By Fabio Reis Vianna for the Saker Blog

The scandalous smokescreen represented by the refusal of the Brazilian Health Surveillance Agency (Anvisa) to recommend the use of the Russian Sputnik V vaccine and the “technical” veto, minutely detailed in a report prepared by “impartial experts committed to science”, hides something that understandably escapes the knowledge of the Brazilian public.

Accustomed to accepting explanations endorsed by “authorities on the subject” and used to understanding the reality of things from an internal prism, Brazilian society has not yet realized the historical crossroads in which our country finds itself involved, and that this has a lot to do with the major dispute of the great global systemic game of this new century, which appears violent and without clear rules (that is to say, without any rules at all).

Approved and used in more than 60 countries, Sputnik V, despite not having presented any serious reported side effects so far, has been suffering immense bureaucratic difficulties in having its use approved in Brazilian territory for months.

With more than 400,000 deaths counted so far, and a society divided and conflicted around a government led by a radical far-right arsonist, the refusal of the Russian Sputnik V vaccine represents a reflection of these strange times that practically all countries in the interstate system are going through, but which the smoke screen of the present time prevents one from seeing more clearly.

The dispute being openly fought by the three current powers in the system, namely, the United States, China, and Russia – and also by other smaller powers – and as the increased pressure spreads beyond the traditional regions where competition used to take place, it becomes clearer that what is occurring in the system differs from the conventional logic in what Hedley Bull would call the Anarchical Society.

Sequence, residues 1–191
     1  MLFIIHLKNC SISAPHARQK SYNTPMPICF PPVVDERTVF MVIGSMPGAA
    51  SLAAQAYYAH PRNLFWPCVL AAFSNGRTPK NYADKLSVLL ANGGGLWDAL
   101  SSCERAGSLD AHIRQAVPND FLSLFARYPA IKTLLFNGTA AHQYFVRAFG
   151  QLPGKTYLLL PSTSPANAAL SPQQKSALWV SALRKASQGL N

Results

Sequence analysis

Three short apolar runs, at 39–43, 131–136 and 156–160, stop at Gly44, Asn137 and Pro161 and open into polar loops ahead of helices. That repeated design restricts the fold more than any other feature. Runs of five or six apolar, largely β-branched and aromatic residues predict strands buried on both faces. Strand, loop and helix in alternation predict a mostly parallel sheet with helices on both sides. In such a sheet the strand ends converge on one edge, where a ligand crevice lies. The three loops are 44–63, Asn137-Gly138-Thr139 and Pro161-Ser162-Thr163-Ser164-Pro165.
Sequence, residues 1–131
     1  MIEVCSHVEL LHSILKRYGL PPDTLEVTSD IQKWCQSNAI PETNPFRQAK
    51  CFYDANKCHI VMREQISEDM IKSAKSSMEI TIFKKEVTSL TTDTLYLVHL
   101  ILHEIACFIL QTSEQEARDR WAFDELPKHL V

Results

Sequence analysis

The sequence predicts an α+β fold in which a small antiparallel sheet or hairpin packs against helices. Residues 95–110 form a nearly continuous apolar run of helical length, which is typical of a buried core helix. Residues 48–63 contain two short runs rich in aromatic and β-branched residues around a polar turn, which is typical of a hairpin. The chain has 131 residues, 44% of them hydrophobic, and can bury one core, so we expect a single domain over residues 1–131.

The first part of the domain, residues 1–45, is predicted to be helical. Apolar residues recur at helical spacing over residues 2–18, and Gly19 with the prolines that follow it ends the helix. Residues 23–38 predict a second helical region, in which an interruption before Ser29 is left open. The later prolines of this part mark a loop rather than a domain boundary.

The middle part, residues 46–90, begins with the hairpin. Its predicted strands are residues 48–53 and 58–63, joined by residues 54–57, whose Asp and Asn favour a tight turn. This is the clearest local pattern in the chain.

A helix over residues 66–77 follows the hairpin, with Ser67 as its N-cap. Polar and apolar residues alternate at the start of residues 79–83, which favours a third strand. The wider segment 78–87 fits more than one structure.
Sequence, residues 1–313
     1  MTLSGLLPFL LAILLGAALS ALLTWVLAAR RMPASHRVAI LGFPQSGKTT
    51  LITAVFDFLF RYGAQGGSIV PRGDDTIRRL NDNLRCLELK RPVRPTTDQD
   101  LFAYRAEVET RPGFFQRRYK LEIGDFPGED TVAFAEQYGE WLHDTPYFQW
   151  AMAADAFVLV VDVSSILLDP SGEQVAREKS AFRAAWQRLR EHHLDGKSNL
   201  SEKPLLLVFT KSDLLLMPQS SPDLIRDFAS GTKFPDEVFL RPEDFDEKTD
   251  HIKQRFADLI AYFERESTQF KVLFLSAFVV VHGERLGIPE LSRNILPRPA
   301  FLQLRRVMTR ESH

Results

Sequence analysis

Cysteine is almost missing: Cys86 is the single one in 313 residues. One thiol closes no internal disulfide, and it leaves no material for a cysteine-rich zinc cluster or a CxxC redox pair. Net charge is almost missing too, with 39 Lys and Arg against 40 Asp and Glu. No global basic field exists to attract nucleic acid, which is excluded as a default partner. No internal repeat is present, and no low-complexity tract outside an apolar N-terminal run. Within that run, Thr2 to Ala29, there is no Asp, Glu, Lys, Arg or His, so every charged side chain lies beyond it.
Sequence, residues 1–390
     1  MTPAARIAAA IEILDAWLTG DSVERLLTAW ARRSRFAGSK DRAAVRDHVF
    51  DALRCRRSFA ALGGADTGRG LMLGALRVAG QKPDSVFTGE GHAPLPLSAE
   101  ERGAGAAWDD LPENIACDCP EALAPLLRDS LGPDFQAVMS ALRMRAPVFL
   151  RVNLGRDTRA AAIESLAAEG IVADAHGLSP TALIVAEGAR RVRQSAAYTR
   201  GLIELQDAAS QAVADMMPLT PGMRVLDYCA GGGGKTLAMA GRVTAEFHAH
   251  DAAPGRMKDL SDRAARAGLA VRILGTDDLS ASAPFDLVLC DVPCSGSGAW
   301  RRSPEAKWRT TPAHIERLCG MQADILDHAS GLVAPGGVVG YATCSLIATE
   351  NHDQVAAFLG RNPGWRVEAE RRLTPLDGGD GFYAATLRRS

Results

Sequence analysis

In other words, the minimal consensus that would be in force in a society of states, and that would make possible the preservation of a mutual respect for certain institutions and norms, would, at this very moment as I write, be dead.

And not only because the United States would have, in practice, indicated this death in its 2017 National Security Strategy – as well as in Biden’s most recent interim strategy, published in March – but because, as it seems, the aggressive movement revealed by many countries after the pandemic outbreak leads us to intuit that the world would already be immersed in that systemic logic that Robert Gilpin would call a state of Hegemonic War.

According to Gilpin, and inspired by Thucydides, Hegemonic War would differ from conventional war by its capacity for structural transformation. In the face of this, necessarily, all individual states would end up being involved within a systemic conception where no one would be immune.

Therefore, in addition to the remarkable escalation that the increase in interstate competition had already been providing since the mid-2010s, the uncertainties and instability caused by the Covid-19 pandemic further exacerbated the problem.

Thus, the more the United States is challenged in its hegemony and loses ground to Russia and China in Eurasia, the more it will seek to frame the countries that are part of its close zone of influence: Latin America.

Not coincidentally, and still in the Trump administration, there was explicit and already officially revealed pressure on Brazil to make it as difficult as possible to approve the Sputnik V vaccine.

As much as it is said that the great adversary of the United States would already be China, historically – and since the times of the British Empire – Russia plays the role of necessary and guiding enemy of the only fundamental consensus of the currently so divided US elites: the permanent and infinite expansion of the military industrial complex.

In this context, therefore, it would not be an exaggeration to think that Brazil would be in the eye of the hurricane of a process of escalating hegemonic war caused, above all, by the possible change of cycle that the world system would be witnessing at the moment. In the here and now.

The question that remains, therefore, is: is the risk of falling into a Thucydides’ trap imminent for the next few years, or is the pandemic itself already a Thucydides’ trap, and we are not aware of it yet?

Fabio Reis Vianna, lives in Rio de Janeiro, is a bachelor of laws (LL.B), MA student in International Relations at the University of Évora (Portugal), writer and geopolitical analyst. He currently maintains a column on international politics at the centennial Brazilian newspaper Monitor Mercantil.


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